After surgery, the focus will be on gaining range of motion, and further working on strength. It is important to not underload or overload the knee after surgery. Too little exercise, and muscle strength would be hard to gain - the result is sometimes prolonged disability and pain. Too much exercise, and that could cause the knee the swell and derail the physical therapy schedule a bit. Close communication with your trusted physical therapist is needed to calibrate exercise dosage so healing is maximized.

Meniscus Tears

Knee Joint Anatomy

Meniscus tears can feel like sharp pain in the knee joint. Loading and weight bearing - especially during squatting and lunging - are typical aggravating factors. Tears can vary from small nicks to severe “bucket-handle tears” (describing crescent-shaped tears that look like bucket handles). Typical causes for meniscus tears tend to be traumatic - sudden pivoting motions of the knee, falling at an awkward angle, etc.

It used to be that the immediate intervention for knee meniscus tears would be orthopedic arthroscopic surgery regardless of the severity of the tear. But recent evidence in the past few years have shown that arthroscopic surgery may not be as effective as physical therapy for knees with minimal to moderate tears. It is therefore suggested that patients try conservative leg treatment with physical therapy first before considering surgery.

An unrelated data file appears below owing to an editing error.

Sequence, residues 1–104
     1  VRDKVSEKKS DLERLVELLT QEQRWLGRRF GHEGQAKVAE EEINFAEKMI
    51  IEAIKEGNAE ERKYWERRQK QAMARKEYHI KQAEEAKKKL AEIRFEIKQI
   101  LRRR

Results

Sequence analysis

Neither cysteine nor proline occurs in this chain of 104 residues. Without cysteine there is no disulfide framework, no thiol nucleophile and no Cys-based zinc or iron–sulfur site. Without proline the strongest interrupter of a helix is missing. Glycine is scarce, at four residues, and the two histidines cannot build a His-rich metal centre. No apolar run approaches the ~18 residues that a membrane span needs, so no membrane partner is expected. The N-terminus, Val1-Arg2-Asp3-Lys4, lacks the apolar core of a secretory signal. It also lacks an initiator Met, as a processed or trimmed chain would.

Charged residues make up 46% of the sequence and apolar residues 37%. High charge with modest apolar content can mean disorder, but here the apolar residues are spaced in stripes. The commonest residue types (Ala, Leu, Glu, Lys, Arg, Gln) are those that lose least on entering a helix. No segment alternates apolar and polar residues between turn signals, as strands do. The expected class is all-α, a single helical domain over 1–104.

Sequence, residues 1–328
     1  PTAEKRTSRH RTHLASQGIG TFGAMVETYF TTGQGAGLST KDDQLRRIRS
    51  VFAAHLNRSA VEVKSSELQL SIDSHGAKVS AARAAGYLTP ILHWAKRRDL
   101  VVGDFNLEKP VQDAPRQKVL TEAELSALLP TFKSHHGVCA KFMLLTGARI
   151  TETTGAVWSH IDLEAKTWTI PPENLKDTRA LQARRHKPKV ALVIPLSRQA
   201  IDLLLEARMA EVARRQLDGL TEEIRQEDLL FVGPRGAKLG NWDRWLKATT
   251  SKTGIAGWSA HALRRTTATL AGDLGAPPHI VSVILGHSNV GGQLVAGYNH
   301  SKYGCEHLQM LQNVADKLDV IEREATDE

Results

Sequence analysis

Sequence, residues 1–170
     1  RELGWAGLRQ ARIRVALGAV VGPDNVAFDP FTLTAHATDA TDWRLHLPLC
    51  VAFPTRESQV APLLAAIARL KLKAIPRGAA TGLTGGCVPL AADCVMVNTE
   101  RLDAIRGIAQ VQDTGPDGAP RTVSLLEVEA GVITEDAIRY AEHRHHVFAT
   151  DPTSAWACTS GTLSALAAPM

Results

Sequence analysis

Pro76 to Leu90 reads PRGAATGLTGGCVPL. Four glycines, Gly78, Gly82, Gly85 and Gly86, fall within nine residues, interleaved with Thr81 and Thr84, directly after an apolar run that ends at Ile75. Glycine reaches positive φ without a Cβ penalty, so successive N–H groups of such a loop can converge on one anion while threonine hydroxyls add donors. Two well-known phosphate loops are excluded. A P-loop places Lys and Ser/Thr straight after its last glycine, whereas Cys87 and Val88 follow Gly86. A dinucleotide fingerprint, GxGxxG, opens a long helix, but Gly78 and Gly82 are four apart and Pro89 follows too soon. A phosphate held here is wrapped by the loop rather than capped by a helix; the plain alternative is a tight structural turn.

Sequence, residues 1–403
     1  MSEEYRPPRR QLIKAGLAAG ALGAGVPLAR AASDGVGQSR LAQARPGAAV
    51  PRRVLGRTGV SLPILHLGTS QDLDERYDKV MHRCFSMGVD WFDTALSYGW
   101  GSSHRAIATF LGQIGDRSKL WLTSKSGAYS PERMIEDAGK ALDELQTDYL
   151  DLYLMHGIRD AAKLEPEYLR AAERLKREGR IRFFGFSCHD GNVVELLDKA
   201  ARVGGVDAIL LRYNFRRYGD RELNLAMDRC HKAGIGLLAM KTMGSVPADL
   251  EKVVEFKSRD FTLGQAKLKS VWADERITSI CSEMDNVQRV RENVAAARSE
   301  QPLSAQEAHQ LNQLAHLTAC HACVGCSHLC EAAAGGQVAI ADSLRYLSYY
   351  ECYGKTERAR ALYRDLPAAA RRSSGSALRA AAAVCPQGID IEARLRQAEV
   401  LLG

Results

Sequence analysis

Physical Therapy for knee meniscus tears involves swelling control with manual therapy, cold therapy, and kineseotaping. Therapeutic exercise is a must when it comes to normalizing gait and strength. Biomechanics corrections will likely be needed to make sure that the knee joint tracks correctly when performing daily and sports activities. If 6 weeks of therapy does not provide significant gains in function and pain levels, the patient should be referred out to an orthopedist for further imaging and possibly surgery.


Conservative, natural care, which is what we provide here at our practice, is what you should try first.  The advantages of seeing one of our physical therapy experts are as follows:

  • No waiting - In most cases, you can see us right away,
  • No side effects – In most cases, the treatment we provide has little to no side effects and can make you feel much better,
  • It’s more affordable – an average course of treatment cost much less than tests, injections, or surgery.

Each patient is different so here’s how our physical therapist will approach your knee pain:

  • An in-depth initial evaluation where we ask you about your pain, medical history, and current condition.
  • A detailed physical exam looking at movement, strength, and flexibility.
  • A personalized plan of care to meet your goals.
  • Patient education – details of what we’ve found during the exam and how we will help you address these limitations.
  • Manual Therapy – hands-on techniques for pain relief and to restore mobility.
  • Neuromuscular Reeducation to address restrictions, weakness, and range of motion
  • A Home Program – we teach you what you can do to optimize healing at home as well.
  • Modalities – specific treatments to address your pain if needed.

Start with Natural, Hands-on Care, from Our Caring Team of Professionals.

Same-day/Next-Day Appointments are Available.

Check out our location nearest you and give us a call at (503) 208-6278 to Get Started!

Last Updated: April 25, 2020

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Alice Holland, DPT
Doctor of Physical Therapy, Director at Stride Strong Physical Therapy
Alice earned her Doctorate of Physical Therapy from USC in 2007, and have practiced Physical Therapy for 12+ years in the Outpatient Orthopedic Setting. Certified in ASTYM, she also has been a featured expert on Physical Therapy on numerous publications including, and